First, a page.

Throughout all this we partner with the researchers to support them in every possible way. For example, CIRM provides the project teams with Translational Advisory Panels (TAPs, modeled after the CIRM’s Clinical Advisory Panels) which bring in outside subject matter experts as well as patient advocates to help provide additional scientific, regulatory and clinical expertise to guide the development of the program at no additional cost to the grantees.  One of the enduring benefits that we hope to provide to researchers and organizations is a practical mastery of translational drug development so that they may continue to advance new and exciting therapies to all patients.

Through CIRM’s strong and continued support of this difficult stage of development, CIRM has developed an internal practical expertise in advancing projects through Translation.  We employ our experience to guide our awardees so they can avoid common pitfalls in the development of cell and gene therapies. The end goal is simple, helping to accelerate their path to the clinic and fulfilling the mission of CIRM that has been twice given to us by the voters of California, bringing treatments to patients suffering from unmet medical needs.

Study highlights the problem patients have in taking part in clinical trials and one simple way to change that

person-pain

Photo: courtesy Medical Daily

Let’s face it, when you are feeling crummy all you want to do is be quiet, rest and not have to deal with anyone else. So, it’s not surprising that a new survey of people with primary mitochondrial disease (PMD) found that many were often less than enthusiastic about taking part in a clinical trial.

It’s not surprising because PMD, caused by problems with the mitochondria which provide energy within our cells, can lead to a wide variety of debilitating conditions including muscle weakness, visual problems, hearing problems, heart disease, liver disease, kidney disease, gastrointestinal disorders, breathing problems, neurological problems and dementia. Any one of those is bad enough, but if you combine several you can see why it would be hard for a person with PMD to get to a clinical trial site for an experimental therapy.

That’s unfortunate because right now there are no effective treatments for PMD so it’s vitally important that people take part in clinical trials that might lead to new therapies.

Obstacles and opportunities

Fortunately, this study, published in the journal PLOS One, did more than just identify the barriers to taking part in a clinical trial, it also identified some strategies to overcome those barriers.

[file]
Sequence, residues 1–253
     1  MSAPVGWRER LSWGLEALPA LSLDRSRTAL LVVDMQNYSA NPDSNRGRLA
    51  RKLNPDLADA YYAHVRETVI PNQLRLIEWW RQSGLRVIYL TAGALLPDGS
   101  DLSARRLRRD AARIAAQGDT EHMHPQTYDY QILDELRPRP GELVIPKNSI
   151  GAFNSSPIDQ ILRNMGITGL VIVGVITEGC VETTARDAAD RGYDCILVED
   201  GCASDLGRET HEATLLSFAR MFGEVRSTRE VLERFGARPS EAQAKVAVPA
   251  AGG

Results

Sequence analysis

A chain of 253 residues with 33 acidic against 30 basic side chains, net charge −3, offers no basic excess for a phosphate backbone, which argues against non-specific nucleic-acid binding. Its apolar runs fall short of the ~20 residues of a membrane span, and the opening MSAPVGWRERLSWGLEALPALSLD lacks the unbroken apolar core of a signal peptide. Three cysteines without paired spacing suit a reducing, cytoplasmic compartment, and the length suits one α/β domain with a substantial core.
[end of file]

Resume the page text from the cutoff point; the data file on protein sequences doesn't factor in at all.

The barriers included not just the individual’s state of health but also:

  • Requiring patients to discontinue current medications
  • Daily blood tests
  • Requiring patients to pay for the cost of the clinical trial

Ways to encourage increased participation include:

  • Direct communication with a physician involved in the trial
  • Better education and outreach to people with PMD
  • Working with patient advocacy groups

The study says this last point in particular is extremely important.

“We propose widespread, coordinated efforts that involve PMD patient advocacy groups to organize community education sessions that clarify the components and need for efficacious clinical trial design.”

cap2

CIRM CAP meeting

This is something that CIRM knows a lot about. Whenever we fund a clinical trial – or, in some cases a late stage pre-clinical program – we create a Clinical Advisory Panel (CAP) to support it. Each CAP consists of an independent, outside expert in whatever disease the trial is targeting, a CIRM Science Officer, and a Patient Advocate. The Patient Advocate plays a vital role in making sure this project works.

Researchers know the science, but the Patient Advocate knows what it is like to live with the disease and the limitations it may impose. They can help guide and advise the researchers on how to design a clinical trial that works for the patients and makes it as easy as possible for them to be part of the trial.

In the last few years we have created 68 CAPs, ensuring the voice of the patient, and the needs of the patient, are front and center in everything we do.

The easier it is for the patient, the easier it will be to recruit people for the trial and the more likely it is they will stay with the trial to the end. It won’t guarantee the therapy will succeed, but it gives it the best possible chance.